My Favourite Player Series by All About The Balls Podcast


*My favourite player series is where we ask you to tell us who your favourite player is, why they're your favourite player and your best memory. This is a brand new series that is open to anyone and everyone, so if you're interested, get in touch on Twitter. Today we've got a special treat, as the lads from the All About the Balls Podcast give us their favourite England players. Don't forget to head over and follow them on Twitter and give all their shows a listen, but especially the cricket ones.


Our Favourite England Cricketers - from the lads at All About The Balls


Ian, Gareth and Olly took some time on their weekly show to debate who would make the cut and be their official favourite England players of all time. It was a heated discussion but after much arguing and some inappropriate abuse at times, they finally settled on three absolute heroes…..


Gareth’s choice - Andrew “Freddie” Flintoff


Freddie was a genuine hero but was he that good when it came to the cold hard stats? Luckily we’re sharing our favourite England player so I don’t have to worry too much about the numbers.


He picked up 79 test caps which is impressive for a guy that was reportedly not that talented in his youth. Many feel that his batting was not the strongest but an average of over 31 isn’t too shabby from a guy who would often come in at six or seven.


But Freddie will always be my favourite and as my co-hosts pointed out, he created memories that fans will never forget. Amongst those are that famous run out in the Ashes and what about that over he bowled to Jacques Kallis? Within the space of just six balls he turned one of the most talented batsmen to ever pick up some willow into a gibbering wreck. And of course there’s what he did to Ricky Ponting in 2005 - oh that sweet, sweet summer!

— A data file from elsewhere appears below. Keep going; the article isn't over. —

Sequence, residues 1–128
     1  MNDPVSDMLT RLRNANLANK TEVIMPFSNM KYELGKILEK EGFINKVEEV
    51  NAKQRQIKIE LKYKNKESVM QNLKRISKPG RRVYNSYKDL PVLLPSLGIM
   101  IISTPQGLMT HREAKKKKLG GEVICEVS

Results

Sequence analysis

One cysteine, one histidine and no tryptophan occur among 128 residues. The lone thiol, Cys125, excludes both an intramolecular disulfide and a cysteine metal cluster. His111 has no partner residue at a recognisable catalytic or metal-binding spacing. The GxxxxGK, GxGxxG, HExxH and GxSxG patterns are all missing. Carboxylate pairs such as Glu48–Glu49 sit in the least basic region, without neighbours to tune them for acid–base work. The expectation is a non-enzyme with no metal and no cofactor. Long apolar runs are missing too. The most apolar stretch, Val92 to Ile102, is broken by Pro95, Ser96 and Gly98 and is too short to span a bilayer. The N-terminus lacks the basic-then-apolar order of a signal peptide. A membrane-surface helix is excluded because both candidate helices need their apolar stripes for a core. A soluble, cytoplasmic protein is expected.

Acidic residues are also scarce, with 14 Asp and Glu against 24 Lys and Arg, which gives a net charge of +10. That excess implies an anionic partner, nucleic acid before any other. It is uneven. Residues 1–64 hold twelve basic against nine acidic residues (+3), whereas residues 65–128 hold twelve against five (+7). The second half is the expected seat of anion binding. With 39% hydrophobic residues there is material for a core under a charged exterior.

Forget the stats - Freddie was one of those rare players who would genuinely empty bars

around the ground when he got involved. At his pomp there were plenty of fans who would pay just to have a chance to see him play and to this day the images of him roaring as he takes another wicket or commiserating with a fallen opponent will always mean Flintoff is held in the very highest regard.


I’m not sure if this is an official stat, but for me Freddie had the best “match win-ability” in the modern era and will forever be an icon in English test cricket.

Ian’s choice - Alastair Cook


Let me start with two stats:

● England’s most capped test batsman

● England’s highest Test run scorer


I could leave my argument there because really, what more needs to be said? However I’m

happy to go beyond the stats and look at the stories behind the numbers.


Cook played 159 consecutive tests for England which is an amazing feat and goes part of the

way to explain why he left such a void in the team when he retired. He was a proper test

batsman that would build long match winning/saving innings and he had that rare ability to take the game away from an opponent. He scored runs all over the world and who could forget the 750+ runs in Australia that helped England secure the Ashes.


Despite the records, Cook played with a modesty and spirit that endeared him to fans both from England and their opponents. There was a reason that Cooks century at the Oval in his final test was celebrated by so many. Cheers Chef - top work!


Olly’s choice - Robin Smith


We’re going to go back a bit for my favourite cricketer of all time, back to time when the West Indies dominated both the test arena and the nightmares of batsmen. For those who remember, this was a time of very fast bowling and impressive moustaches - a time when batsmen had to have both quality technique and a courage that you’d nowadays associate with the Avengers.


It was during this time that the Judge was able to use his bravery and stunning skill through the off side to not just survive but actually thrive. He picked up an average of over 43 at test level and his cover drive and square cut were as beautiful as they were brutal. But Smith could cross codes and his highest score of 167 not out in an ODI against Australia in 1993 wasn’t bettered by any English batsmen for over 23 years even despite the huge advancements in the shorter format.


There are so many talented England players but here’s my true test - if you pretend to be a

specific player when you’re with your mates in the back garden as a kid, then that’s your

favourite. I could never quite hit the ball as hard as Smith and I certainly didn’t stand tall as

another bouncer threatened to crack me in the head, but in my head and heart I’ve always loved the guy.

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